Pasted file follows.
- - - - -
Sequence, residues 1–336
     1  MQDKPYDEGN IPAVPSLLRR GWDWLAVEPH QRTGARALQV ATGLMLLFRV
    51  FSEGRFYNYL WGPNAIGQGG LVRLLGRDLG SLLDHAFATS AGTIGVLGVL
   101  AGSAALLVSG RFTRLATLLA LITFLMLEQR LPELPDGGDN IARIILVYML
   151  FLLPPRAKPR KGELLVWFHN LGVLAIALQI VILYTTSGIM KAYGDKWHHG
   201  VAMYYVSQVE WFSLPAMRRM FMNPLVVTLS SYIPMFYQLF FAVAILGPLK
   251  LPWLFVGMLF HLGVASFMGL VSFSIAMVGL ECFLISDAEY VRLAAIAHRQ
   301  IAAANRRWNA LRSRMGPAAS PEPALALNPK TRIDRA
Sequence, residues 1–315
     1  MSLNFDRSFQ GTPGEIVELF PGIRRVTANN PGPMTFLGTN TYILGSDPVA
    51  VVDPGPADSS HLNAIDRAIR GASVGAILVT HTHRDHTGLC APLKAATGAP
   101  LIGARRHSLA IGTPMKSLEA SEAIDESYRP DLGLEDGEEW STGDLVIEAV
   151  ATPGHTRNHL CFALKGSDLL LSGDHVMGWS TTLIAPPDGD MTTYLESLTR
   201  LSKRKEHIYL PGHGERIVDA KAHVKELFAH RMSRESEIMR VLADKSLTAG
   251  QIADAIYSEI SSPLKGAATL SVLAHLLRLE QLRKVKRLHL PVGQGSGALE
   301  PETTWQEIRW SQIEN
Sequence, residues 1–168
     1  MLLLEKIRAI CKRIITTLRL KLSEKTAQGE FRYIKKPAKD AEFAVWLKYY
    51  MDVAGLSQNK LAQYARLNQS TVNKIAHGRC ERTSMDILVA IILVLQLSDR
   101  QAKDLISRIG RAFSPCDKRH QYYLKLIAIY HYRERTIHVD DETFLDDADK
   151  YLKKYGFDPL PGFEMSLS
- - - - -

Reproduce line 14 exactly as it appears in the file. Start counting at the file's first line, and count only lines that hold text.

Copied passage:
   201  LSKRKEHIYL PGHGERIVDA KAHVKELFAH RMSRESEIMR VLADKSLTAG